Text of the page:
# ip -4 addr show scope global

IPv4 network interfaces

Note the network interface name and IP address for future use. 

Install the Persistent Firewall Package

Refresh the server’s package index with the following update command: 

# sudo apt update

Next, install the iptables-persistent package.

iptables-persistent

# sudo apt install iptables-persistent

Enter Y and press the Enter key to commence the installation.

Choose Yes when the system prompts you to save the existing iptables rules.

configuring iptables-persistent

Set up Basic IPv4 Rules

After successfully installing the persistent firewall, proceed to edit the configuration on the firewall server. The idea is to create fundamental IPv4 rules.

For this, open the rules.v4 in your preferred text editor. We are using Vi as our editor. 

# sudo vi /etc/iptables/rules.v4

Here is the typical structure of this file:

*filter

# Drop incoming and forwarding packets; allow outgoing Network packets

:INPUT DROP [0:0]

:FORWARD DROP [0:0]

:OUTPUT ACCEPT [0:0]

# Custom protocol-specific rules

:UDP - [0:0]

# Write UDP rules here

:TCP - [0:0]

# Write TCP rules here

:ICMP - [0:0]

# Write ICMP rules here

# Accept SSH TCP traffic

-A TCP -p tcp --dport 22 -j ACCEPT

# Acceptance default policy

-A INPUT -m conntrack –ctstate ESTABLISHED,RELATED -j ACCEPT

-A INPUT -i lo -j ACCEPT

# Drop a packet if it is invalid

-A INPUT -m conntrack --ctstate INVALID -j DROP

# Pass traffic to protocol-specific chains 

# Allow only new TCP connections established with new SYN packets 

-A INPUT -p udp -m conntrack --ctstate NEW -j UDP

-A INPUT -p tcp --syn -m conntrack --ctstate NEW -j TCP

-A INPUT -p icmp -m conntrack --ctstate NEW -j ICMP

# Reject anything that reached this point

-A INPUT -p udp -j REJECT --reject-with icmp-port-unreachable

-A INPUT -p tcp -j REJECT --reject-with tcp-reset

-A INPUT -j REJECT --reject-with icmp-proto-unreachable

# Commit the changes

COMMIT

*raw

:PREROUTING ACCEPT [0:0]

:OUTPUT ACCEPT [0:0]

COMMIT

*nat

:PREROUTING ACCEPT [0:0]

:INPUT ACCEPT [0:0]

:OUTPUT ACCEPT [0:0]

:POSTROUTING ACCEPT [0:0]

COMMIT

*security

:INPUT ACCEPT [0:0]

:FORWARD ACCEPT [0:0]

:OUTPUT ACCEPT [0:0]

COMMIT

*mangle

:PREROUTING ACCEPT [0:0]

:INPUT ACCEPT [0:0]

:FORWARD ACCEPT [0:0]

:OUTPUT ACCEPT [0:0]

:POSTROUTING ACCEPT [0:0]

COMMIT

Save the file and close the text editor.

Verify rules.v4 Syntax 

Confirm the syntax of the rules.v4 file by executing the following command:

# sudo iptables-restore -t /etc/iptables/rules.v4

Assuming there are no syntax errors in the rules.v4 file, the command will not produce any output in the terminal.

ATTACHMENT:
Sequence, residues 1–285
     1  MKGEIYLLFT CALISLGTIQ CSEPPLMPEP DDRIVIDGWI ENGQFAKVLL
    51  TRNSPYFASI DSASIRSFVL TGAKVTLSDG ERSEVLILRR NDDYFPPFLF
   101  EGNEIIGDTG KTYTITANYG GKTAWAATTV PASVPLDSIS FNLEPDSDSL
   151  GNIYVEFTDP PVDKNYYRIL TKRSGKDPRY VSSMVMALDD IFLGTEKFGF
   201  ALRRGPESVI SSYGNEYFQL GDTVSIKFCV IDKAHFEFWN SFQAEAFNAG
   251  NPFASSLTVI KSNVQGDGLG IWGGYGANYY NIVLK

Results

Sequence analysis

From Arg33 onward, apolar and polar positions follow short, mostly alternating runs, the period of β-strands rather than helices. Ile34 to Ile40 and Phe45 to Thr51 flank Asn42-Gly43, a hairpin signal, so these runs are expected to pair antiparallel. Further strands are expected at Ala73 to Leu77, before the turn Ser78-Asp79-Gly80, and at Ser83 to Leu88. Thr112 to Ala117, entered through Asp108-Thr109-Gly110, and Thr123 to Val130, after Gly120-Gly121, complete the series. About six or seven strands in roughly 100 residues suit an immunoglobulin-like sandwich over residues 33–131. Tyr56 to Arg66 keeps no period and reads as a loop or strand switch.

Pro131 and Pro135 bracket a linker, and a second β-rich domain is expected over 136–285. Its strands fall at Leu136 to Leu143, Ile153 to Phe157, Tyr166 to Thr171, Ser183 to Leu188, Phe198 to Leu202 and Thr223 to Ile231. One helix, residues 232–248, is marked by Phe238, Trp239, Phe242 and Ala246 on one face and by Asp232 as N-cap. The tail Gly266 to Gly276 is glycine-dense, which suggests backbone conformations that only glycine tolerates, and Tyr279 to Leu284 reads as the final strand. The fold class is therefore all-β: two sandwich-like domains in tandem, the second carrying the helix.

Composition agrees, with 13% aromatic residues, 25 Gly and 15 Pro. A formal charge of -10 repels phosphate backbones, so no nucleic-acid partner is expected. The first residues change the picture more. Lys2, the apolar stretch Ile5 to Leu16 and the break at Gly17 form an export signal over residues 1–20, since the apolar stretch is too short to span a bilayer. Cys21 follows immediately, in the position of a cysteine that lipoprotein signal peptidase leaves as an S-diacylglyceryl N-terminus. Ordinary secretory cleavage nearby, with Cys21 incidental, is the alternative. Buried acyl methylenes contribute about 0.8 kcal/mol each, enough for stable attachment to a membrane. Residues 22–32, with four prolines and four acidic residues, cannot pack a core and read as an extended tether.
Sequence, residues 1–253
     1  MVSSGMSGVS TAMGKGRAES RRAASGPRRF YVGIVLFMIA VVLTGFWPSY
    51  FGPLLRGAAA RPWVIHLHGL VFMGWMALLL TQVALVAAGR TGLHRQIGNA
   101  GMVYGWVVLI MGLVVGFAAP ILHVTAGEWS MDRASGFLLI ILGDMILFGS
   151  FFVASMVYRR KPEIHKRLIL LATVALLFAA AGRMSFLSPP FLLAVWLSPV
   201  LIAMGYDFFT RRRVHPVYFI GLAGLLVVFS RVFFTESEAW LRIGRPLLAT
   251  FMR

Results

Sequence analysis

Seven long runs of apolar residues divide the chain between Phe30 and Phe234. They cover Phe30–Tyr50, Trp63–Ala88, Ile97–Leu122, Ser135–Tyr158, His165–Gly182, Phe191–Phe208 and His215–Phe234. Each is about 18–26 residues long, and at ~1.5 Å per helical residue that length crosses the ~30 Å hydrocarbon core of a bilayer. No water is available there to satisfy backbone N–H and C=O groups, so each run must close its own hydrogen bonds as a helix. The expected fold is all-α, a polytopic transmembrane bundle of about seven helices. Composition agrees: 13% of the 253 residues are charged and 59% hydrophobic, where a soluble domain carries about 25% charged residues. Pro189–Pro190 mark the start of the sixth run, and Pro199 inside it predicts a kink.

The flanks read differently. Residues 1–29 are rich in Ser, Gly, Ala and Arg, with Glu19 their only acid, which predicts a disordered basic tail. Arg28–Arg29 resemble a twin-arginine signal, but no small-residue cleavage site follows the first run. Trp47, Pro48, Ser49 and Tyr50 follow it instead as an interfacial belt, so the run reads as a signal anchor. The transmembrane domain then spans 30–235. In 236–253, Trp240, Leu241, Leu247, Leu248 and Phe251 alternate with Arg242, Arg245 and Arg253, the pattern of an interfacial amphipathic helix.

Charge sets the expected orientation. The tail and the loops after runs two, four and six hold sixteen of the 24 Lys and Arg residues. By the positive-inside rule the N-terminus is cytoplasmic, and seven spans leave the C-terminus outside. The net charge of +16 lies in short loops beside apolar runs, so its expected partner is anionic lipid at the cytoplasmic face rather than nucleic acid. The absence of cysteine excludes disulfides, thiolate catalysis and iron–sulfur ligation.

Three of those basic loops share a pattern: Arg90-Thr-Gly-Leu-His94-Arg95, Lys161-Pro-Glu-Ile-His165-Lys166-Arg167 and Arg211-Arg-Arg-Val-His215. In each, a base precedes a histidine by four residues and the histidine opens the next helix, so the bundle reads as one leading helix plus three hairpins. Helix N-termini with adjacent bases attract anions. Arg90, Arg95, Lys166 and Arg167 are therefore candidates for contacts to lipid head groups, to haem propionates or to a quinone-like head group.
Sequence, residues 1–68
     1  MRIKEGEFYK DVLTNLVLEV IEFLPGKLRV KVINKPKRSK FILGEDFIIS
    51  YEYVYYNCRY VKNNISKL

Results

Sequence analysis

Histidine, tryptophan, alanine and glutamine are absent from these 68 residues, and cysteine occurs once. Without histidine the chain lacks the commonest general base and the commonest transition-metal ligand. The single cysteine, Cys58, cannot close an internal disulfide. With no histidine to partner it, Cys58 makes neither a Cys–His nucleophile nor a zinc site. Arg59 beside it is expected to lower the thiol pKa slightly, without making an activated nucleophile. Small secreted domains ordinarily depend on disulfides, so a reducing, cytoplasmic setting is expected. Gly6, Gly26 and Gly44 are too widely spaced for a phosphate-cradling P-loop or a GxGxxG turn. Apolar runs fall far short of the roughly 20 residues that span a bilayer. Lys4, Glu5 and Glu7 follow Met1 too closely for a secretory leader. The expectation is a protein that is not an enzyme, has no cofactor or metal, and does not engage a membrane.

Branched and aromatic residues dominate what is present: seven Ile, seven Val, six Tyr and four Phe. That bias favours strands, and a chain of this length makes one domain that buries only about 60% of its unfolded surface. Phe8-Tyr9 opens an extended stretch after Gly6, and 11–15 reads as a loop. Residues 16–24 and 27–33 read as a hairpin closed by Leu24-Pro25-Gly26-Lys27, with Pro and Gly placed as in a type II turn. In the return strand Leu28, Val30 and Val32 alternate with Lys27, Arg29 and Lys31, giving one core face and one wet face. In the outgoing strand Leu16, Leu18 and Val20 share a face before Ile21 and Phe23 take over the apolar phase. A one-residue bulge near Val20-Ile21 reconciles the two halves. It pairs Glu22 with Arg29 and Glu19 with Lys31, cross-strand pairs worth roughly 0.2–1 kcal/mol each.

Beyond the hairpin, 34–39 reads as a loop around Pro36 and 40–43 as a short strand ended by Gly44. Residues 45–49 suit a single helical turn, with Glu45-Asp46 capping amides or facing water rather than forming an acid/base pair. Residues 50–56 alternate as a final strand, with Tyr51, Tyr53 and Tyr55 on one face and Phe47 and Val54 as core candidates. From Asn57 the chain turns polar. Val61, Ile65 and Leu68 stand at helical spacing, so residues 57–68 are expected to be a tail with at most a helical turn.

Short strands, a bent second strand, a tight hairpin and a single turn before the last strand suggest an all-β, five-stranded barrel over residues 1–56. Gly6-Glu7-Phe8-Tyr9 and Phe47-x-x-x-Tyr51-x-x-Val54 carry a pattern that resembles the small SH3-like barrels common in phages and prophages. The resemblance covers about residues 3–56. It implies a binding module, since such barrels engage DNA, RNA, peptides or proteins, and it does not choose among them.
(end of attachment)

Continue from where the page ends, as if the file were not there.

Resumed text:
Reload and Verify the Firewall Rules

Now that the firewall rules are in place, you need to make sure they are in effect by reloading the firewall service with the following command:

# sudo service netfilter-persistent reload

service netfilter-persistent reload

 Next, confirm the successful application of the changes by displaying the currently active rules with the following command:

# sudo iptables -S

iptables -S

The output showcases the currently-configured rules in the rules.v4 file, confirming the successful application of the changes.

Establish the Fundamental IPv6 Rules

iptables has a companion tool called Ip6tables to configure IPv6 packet rules. If you wish, you can use this tool to set up rules to block all traffic that uses IPv6.

Start by opening the rules.v6 file in your preferred editor. We will open the file in Vi:

# sudo vi /etc/iptables/rules.v6

Block All IPv6 Connections

You can modify the file to block all connections. For this, make sure the file looks similar to the following:

*filter

:INPUT DROP [0:0]

:FORWARD DROP [0:0]

:OUTPUT DROP [0:0]

COMMIT

*raw

:PREROUTING DROP [0:0]

:OUTPUT DROP [0:0]

COMMIT

*nat

:PREROUTING DROP [0:0]

:INPUT DROP [0:0]

:OUTPUT DROP [0:0]

:POSTROUTING DROP [0:0]

COMMIT

*security

:INPUT DROP [0:0]

:FORWARD DROP [0:0]

:OUTPUT DROP [0:0]

COMMIT

*mangle

:PREROUTING DROP [0:0]

:INPUT DROP [0:0]

:FORWARD DROP [0:0]

:OUTPUT DROP [0:0]

:POSTROUTING DROP [0:0]

COMMIT

Save the file and close the text editor.

Reload and Verify the IPv6 Rules 

Start by validating the syntax of the configuration with the following command:

# sudo ip6tables-restore -t /etc/iptables/rules.v6

If you find no errors, reload the service to ensure that the new rules are in place:

# sudo service netfilter-persistent reload

Finally, list the rules using the ‘ip6tables’ command to confirm that the new configuration is in use:

# sudo ip6tables -S

ip6tables -S

Step #3: Configure Port Forwarding

After configuring both the web server and the proxy firewall, you can establish specific forwarding rules that will:

  • Allow data to enter using the public address of the firewall.
  • Send the data through the firewall.
  • Pass it on to the web server through the private network.
  • Let the web server’s data go out to the internet.

Enable Forwarding in the Kernel

Prior to setting up port forwarding, it is necessary to authorize the system for this action. Start by enabling packet forwarding for the current session.

Run the following command:

# echo 1 | sudo tee /proc/sys/net/ipv4/ip_forward

sudo tee

This setup will persist for the duration of the session. 

You can make the packet forwarding a permanent system feature by editing the sysctl.conf file in your preferred editor.

# sudo vi /etc/sysctl.conf

Locate the following line in the file and remove the # in the beginning to uncomment it.

# net.ipv4.ip_forward=1

net.ipv4.ip

Save the file and then close the text editor.

Next, reload the changes by running the following sysctl command:

# sudo sysctl -p

sysctl -p

Apply the system changes with the following command:

sudo sysctl --system

sudo sysctl

Now, the system is set up to forward packets as needed.

Specify the Rules for Forwarding

You can now define the forwarding rules by adding them to the rules. v4 file. Alternatively, you have the option to utilize the following basic command syntax to add the rules manually.

# sudo iptables [rule]